Confusion and conflict are unfortunate, but sometimes unavoidable upon the death of a loved one. Before pursuing courtroom resolution via probate litigation, consider negotiation or mediation, with the assistance of an experienced probate attorney. With time, money and relationships at stake, settlement outside of court is often wise.
Negotiation and Mediation
Serious conflicts, misunderstandings and misinterpretations related to the intentions and decisions of the deceased, as well as failed communications between the fiduciaries of an estate (for example the executor or personal representative), and the beneficiaries of the estate are among the causes of probate litigation. Specific examples of probate litigation include challenges to a will, contests over the appointment or actions of fiduciaries, such as an executor or guardian, and suits over the interpretation of wills or trusts.
Though probate attorneys can pursue litigation, their expertise can also be leveraged for negotiation and mediation. Litigation can be costly and time consuming, as well as lead to long lasting tears and scars in relationships. Alternatively, negotiation or mediation efforts leading to a family settlement agreement can successfully keep family matters out of courtroom tangles. Additionally, family settlement agreements can be useful when mistakes or slights were made during estate planning:
A family settlement agreement can be appropriate when surviving family members agree as to the disposition of a deceased family member’s estate that is different from how the decedent had specified in a testamentary instrument. Often, they arise when a deceased parent has not devised property equally to all of the decedent’s children, but the children…agree that an equal division should be made….A family settlement agreement might lead to a better tax result for the estate over what would have occurred based on how the decedent’s estate plan was drafted. Or, perhaps the decedent’s will made a simple mistake – such as a specific devise of a tract of farmland to the wrong child as the farming heir. A family settlement agreement can be an efficient way to “clean up” the error. Another common situation for the use of a family settlement agreement can occur with second (or subsequent) marriages and each spouse has their own child or children.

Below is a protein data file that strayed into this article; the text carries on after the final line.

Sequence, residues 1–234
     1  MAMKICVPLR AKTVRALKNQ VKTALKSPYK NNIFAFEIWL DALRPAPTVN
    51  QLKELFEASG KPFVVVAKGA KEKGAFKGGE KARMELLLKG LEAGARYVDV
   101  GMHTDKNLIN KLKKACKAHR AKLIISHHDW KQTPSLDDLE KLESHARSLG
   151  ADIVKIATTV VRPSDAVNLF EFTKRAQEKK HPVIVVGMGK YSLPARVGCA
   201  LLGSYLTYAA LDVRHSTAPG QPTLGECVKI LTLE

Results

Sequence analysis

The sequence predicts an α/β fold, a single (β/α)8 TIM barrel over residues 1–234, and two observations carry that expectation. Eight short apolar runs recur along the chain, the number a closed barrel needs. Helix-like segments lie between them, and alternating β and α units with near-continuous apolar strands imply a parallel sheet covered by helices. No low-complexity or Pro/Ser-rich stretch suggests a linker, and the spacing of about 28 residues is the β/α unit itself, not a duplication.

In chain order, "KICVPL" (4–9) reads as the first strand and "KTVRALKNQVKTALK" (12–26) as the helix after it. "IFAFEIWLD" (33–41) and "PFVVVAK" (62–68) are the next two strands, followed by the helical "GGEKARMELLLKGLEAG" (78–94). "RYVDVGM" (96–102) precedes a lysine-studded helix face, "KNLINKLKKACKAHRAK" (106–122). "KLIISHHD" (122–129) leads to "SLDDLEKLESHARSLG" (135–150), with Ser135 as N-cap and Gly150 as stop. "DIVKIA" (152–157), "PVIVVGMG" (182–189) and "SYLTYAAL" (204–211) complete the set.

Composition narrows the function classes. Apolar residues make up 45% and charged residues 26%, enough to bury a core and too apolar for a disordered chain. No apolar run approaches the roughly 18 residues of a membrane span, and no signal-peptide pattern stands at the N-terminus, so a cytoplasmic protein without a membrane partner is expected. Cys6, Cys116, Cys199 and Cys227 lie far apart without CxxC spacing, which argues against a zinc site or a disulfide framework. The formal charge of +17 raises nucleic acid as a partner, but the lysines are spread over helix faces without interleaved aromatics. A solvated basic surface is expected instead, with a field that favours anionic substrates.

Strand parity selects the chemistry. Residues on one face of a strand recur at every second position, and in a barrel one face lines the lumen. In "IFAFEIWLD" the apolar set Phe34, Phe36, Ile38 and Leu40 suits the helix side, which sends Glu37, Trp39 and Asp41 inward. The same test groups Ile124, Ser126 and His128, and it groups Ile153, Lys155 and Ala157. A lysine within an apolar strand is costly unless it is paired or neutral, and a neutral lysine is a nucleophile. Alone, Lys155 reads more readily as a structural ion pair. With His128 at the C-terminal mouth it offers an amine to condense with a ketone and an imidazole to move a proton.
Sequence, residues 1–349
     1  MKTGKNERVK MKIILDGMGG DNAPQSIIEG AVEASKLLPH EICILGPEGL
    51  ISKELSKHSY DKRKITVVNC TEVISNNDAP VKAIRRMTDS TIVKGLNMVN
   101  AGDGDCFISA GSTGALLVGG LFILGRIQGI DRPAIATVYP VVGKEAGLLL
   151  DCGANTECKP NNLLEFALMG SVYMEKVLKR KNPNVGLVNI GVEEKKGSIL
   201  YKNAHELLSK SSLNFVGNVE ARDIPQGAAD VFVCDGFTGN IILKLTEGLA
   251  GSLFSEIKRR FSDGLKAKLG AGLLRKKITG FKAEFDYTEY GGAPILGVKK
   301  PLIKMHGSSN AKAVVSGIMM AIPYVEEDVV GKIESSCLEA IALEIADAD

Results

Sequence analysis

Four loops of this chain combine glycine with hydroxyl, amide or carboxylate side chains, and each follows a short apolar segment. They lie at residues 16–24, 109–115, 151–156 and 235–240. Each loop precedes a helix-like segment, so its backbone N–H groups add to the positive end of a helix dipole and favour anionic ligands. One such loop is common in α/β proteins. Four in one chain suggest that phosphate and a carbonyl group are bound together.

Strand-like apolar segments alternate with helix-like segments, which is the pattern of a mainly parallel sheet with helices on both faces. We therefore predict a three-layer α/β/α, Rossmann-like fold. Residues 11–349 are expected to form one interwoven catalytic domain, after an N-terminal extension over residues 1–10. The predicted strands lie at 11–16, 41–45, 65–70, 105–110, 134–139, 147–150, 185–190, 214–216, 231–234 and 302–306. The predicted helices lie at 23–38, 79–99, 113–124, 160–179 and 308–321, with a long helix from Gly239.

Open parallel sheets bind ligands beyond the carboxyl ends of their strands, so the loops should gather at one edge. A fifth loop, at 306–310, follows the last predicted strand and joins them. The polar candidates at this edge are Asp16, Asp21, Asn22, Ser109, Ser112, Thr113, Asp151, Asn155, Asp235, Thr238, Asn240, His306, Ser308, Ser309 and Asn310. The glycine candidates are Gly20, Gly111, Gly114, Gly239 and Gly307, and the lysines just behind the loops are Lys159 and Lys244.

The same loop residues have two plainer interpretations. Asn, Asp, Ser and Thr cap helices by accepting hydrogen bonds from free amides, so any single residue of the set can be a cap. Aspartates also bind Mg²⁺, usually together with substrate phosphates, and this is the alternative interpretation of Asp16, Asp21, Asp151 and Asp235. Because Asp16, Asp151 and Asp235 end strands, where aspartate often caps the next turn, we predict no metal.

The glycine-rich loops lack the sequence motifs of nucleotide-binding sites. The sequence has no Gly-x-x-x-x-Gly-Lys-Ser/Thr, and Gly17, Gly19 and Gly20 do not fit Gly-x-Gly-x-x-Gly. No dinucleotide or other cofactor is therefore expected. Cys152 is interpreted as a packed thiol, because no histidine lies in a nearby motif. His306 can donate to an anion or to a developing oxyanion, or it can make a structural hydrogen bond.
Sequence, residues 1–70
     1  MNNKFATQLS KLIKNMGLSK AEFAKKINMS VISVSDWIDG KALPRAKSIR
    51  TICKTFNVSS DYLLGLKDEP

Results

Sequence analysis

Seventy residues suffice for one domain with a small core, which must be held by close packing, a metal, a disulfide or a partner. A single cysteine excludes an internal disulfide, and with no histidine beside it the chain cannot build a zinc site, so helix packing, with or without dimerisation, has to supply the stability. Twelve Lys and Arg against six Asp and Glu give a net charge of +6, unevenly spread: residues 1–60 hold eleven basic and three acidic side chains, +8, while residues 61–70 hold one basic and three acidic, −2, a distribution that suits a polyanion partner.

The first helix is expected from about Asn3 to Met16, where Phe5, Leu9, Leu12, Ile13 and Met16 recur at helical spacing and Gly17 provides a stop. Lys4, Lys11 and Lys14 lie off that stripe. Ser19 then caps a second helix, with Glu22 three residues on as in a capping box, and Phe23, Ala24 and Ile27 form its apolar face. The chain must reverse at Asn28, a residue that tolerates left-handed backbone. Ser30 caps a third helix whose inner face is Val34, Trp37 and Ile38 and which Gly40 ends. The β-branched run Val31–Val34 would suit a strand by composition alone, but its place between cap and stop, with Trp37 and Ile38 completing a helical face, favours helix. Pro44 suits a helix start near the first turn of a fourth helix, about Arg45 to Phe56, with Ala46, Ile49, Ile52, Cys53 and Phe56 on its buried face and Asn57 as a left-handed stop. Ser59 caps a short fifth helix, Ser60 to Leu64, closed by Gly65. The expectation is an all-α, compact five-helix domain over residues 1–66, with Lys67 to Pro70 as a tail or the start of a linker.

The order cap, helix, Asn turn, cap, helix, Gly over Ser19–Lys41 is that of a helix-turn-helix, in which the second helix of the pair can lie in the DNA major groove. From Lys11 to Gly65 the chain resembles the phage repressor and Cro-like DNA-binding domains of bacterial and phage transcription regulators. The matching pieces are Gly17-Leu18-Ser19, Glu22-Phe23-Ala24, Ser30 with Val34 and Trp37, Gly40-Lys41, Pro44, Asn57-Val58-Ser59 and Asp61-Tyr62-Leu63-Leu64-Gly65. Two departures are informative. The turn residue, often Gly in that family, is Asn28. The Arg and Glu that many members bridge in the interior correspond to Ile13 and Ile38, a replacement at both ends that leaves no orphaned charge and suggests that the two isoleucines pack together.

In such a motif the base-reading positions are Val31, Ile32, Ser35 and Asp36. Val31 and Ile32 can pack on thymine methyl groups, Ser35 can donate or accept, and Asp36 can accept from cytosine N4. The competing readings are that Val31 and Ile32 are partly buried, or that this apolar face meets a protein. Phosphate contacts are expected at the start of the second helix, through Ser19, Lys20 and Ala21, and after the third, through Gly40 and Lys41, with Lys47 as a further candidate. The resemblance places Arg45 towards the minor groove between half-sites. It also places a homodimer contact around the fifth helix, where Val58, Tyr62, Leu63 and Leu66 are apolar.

Settlements can be agreed to through either negotiation or mediation, both of which take place outside of courts. Negotiation is an informal effort to come to agreement with “the other side”:
For example, your attorney can send a letter to the opposing party outlining your concerns and expectations and recommend a path forward. This opens negotiations between you and your attorney and the opposing party or their legal representative.
This informal approach is often less stressful than going through the court system and can be tailored to the size and scope of the specific issues involved. Negotiation can also allow for a greater focus on solutions rather than legal barriers, allowing for creative solutions not available through other means of dispute resolution. Throughout the negotiations, your attorney can help keep an eye on important details that should not be overlooked and ensure that you get the best outcome possible.
Similarly, mediation is a collaborative process, but uses an agreed upon third party mediator to help “the parties evaluate the potential outcomes and consequences of various options, encouraging them to find a resolution that is fair and reasonable….Once an agreement is reached, your attorney can document the terms of the settlement in a legally binding agreement.”
Helpful To Know: Fiduciary Bonds
Frequently the representative appointed to handle the affairs of the deceased, such as an executor, personal representative, or trustee is required to obtain a type of bond, referred to generally as a fiduciary bond. The purpose of a fiduciary bond is to guarantee that debts and assets will be properly handled in accordance with state laws and protocols. A fiduciary bond is sometimes specifically referred to as a trustee, executor, personal representative or administrator bond.
Colonial Surety Company makes it quick and easy to obtain fiduciary bonds of all kinds. A user-friendly online service allows you to quote and obtain a bond that is instantly available to download or e-file. Fiduciaries in every state can efficiently obtain their bonds right here:
Probate attorneys can help clients secure court and fiduciary bonds with a few clicks on The Partnership Account® for Attorneys. Just select the bond needed, send it to your client for payment, and then download, e-file or print the bond.
Our fiduciary bonds include: administrator, estate, executor, guardian, personal representative, probate, surrogate, trustee, conservator and the list goes on. Court bonds include: appeal, supersedeas, injunction, replevin, receiver and more.
Colonial Surety is rated “A Excellent” by A.M. Best Company, U.S. Treasury listed, and licensed for business everywhere in the USA. Our customers have awarded us a 4.8 Trustpilot score.Whenever and wherever you need a bond, trust Colonial: www.colonialsurety.com